There's growing excitement about Vietnam these days: The economy is booming, the weather is warm, the history is rich, and the country is eager to lure Americans. U.S. tourists, it seems, are just as eager to get to one of Asia's most diverse travel destinations. "I have to go before it gets real touristy," says Melissa Blossey, a 42-year-old New Yorker flying to Ho Chi Minh City on a recently launched United Airlines (UALAQ) flight, the first by a U.S. carrier since the Vietnam War. "It seems like such a beautiful place, and I've always heard great things about the people and the shopping. The cuisine is supposed to be incredible. Plus, you get good value for the dollar."
She's right on the money. The food and shopping are fantastic. And the dollar, which has risen 3% over the past six months against the dong, definitely goes far. A silk jacket custom-made by a tailor along the fashionable Dong Khoi Street in Ho Chi Minh City, formerly called Saigon, costs all of $29. Just $40 will buy dinner for two, including wine, at the city's top-rated restaurant, the Mandarin, while a room at the restored luxury Caravelle Hotel can be had for $97 via discount hotel Web sites. Some will remember the Caravelle as the setting for the "Five O'Clock Follies" news conferences during the Vietnam War.
Vietnam isn't just cheap. Tourism officials like to promote it, in contrast to Bali or Thailand, as a safe haven from terrorist attacks. The country, located on the Pacific Ocean side of Asia, was also unaffected by the December tsunami disaster in the Indian Ocean. Don't be deterred by reports of bird flu either: It is largely limited to rural areas and farms.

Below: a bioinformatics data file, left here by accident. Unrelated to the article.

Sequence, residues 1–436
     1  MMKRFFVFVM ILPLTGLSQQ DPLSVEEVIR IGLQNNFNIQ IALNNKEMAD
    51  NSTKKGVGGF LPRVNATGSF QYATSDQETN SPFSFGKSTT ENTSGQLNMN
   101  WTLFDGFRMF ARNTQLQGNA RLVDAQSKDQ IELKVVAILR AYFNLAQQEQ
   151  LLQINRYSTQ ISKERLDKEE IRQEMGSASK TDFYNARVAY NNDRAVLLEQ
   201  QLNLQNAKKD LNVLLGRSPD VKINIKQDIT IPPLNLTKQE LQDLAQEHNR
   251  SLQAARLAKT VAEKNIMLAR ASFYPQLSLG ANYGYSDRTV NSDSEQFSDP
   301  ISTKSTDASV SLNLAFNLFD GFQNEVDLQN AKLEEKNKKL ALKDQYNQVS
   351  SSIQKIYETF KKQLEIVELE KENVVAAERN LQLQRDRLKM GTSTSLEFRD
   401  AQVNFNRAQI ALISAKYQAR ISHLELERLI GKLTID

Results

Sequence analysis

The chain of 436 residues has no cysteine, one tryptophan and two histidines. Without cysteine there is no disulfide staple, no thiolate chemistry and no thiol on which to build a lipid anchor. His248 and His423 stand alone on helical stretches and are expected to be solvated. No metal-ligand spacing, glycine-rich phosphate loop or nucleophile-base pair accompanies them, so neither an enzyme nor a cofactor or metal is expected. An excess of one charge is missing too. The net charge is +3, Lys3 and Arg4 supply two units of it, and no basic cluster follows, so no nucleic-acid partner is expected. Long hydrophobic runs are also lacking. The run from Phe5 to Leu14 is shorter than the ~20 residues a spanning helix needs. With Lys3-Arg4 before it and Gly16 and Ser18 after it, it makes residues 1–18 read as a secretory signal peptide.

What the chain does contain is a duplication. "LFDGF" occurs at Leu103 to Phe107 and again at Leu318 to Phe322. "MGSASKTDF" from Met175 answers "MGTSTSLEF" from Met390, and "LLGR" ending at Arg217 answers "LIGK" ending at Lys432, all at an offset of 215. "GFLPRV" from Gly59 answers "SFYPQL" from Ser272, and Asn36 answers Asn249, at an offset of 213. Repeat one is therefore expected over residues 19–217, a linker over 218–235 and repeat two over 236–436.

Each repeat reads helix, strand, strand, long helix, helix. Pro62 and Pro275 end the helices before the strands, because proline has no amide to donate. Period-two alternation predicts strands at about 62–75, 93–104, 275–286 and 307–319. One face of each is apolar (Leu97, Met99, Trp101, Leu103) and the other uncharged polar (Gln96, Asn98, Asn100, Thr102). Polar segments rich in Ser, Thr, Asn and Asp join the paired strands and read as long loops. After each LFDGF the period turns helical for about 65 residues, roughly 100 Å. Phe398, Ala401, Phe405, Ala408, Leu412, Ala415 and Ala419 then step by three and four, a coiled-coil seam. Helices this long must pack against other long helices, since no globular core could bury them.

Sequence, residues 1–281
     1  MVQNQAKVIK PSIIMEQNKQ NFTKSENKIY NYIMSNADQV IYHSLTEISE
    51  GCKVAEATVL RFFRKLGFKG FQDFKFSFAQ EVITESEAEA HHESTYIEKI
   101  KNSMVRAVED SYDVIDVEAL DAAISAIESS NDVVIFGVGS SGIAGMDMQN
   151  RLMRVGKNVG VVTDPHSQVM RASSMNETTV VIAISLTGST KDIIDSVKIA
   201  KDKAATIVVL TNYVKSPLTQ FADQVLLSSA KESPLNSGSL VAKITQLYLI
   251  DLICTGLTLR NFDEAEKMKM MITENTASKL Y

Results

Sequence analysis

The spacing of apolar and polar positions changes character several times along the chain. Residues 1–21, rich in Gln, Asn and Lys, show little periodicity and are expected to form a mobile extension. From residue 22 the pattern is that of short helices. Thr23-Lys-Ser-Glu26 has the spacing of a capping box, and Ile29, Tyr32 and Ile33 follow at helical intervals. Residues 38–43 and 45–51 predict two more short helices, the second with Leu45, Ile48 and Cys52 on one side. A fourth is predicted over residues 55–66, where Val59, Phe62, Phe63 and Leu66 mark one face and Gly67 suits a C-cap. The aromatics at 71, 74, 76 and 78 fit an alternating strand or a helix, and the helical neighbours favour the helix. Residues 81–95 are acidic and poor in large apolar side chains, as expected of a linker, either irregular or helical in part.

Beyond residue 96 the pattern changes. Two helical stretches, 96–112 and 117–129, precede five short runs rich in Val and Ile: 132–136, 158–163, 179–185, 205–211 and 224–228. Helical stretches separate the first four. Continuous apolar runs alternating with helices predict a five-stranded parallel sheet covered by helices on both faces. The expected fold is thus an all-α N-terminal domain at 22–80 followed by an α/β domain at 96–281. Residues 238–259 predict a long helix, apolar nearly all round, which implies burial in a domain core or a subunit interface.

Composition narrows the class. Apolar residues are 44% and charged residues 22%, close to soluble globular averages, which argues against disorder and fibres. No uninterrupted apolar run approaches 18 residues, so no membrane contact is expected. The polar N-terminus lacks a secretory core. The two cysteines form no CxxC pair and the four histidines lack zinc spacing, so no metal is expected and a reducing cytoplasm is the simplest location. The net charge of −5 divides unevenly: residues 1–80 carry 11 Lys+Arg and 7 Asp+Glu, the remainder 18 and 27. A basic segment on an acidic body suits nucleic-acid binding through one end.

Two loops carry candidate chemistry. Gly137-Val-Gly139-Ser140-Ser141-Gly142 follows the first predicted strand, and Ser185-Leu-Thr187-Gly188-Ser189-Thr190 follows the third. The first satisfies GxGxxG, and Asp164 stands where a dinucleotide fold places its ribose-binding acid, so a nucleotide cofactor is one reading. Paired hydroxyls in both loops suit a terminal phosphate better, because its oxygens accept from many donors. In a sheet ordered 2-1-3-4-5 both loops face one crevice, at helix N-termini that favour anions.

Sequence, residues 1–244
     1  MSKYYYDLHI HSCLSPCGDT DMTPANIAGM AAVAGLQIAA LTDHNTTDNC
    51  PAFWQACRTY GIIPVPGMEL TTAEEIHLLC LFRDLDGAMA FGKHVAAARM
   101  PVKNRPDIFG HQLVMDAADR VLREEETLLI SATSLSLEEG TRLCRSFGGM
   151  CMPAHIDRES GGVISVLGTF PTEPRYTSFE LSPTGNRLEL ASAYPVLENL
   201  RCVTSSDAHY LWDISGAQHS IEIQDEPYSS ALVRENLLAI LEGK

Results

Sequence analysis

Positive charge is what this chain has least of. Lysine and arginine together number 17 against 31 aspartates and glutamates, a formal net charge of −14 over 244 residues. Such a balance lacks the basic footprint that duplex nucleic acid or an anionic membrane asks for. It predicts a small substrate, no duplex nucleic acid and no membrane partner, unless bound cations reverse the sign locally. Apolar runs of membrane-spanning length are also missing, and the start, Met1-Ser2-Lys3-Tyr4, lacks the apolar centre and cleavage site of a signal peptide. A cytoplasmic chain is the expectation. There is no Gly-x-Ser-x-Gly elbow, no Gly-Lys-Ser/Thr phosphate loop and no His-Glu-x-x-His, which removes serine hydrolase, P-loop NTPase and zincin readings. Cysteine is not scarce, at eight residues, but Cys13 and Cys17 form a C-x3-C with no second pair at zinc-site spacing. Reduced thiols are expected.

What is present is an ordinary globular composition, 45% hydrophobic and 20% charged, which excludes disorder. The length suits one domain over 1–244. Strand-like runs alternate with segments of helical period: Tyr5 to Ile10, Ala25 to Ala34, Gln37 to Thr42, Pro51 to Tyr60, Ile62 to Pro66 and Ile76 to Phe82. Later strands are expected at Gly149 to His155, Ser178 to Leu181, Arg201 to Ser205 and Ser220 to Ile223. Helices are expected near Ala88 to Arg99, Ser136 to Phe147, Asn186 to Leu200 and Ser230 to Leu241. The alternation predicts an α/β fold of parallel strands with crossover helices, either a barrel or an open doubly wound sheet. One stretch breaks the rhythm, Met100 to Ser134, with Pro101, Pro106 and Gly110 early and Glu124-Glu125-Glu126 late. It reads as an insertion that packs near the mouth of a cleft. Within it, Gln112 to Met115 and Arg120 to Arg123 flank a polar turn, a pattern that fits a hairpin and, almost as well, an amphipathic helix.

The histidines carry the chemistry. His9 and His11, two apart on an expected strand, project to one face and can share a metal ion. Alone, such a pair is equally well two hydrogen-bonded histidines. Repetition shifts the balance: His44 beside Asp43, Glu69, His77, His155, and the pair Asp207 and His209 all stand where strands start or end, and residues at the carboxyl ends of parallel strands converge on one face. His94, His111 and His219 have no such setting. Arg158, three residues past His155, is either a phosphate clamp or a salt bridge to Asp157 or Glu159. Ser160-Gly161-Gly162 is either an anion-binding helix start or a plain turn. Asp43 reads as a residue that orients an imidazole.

The resumption of the first direct flights from the U.S. to Vietnam since the war is making it easier for Americans to get there. The daily B-747, originating at Washington Dulles International Airport and passing through San Francisco and Hong Kong to Ho Chi Minh City, has been so popular since its Dec. 9 launch that discount round-trip economy fares in the $1,000-to-$1,200 range have been selling out quickly. American Airlines (AMR) and Continental (CAL) plan to follow suit.
Although many Americans are drawn to Vietnam because of their interest in the war, the country has a rich and varied culture. A good way to sample all the facets is to start in the former capital of South Vietnam and work north. Ho Chi Minh City is the commercial center of the country, sort of the New York of Vietnam, compared with the capital city of Hanoi, which is akin to Washington.
Those in search of war history will find it in places such as the Rex Hotel. What was its rooftop U.S. Officers' Club in the 1960s and '70s is now a restaurant and bar offering fine views of the city. Also on the must-do list is a guided tour of the Cu Chi tunnels, where the Viet Cong built an extensive underground network. At the War Remnants Museum, formerly the Museum of American War Crimes until Vietnam and the U.S. normalized relations in 1995, captured American Huey helicopters sit forlornly outside, and jars of preserved fetuses deformed by Agent Orange are on display inside. It's a sobering but worthwhile trip for those who want to understand the Vietnamese perspective.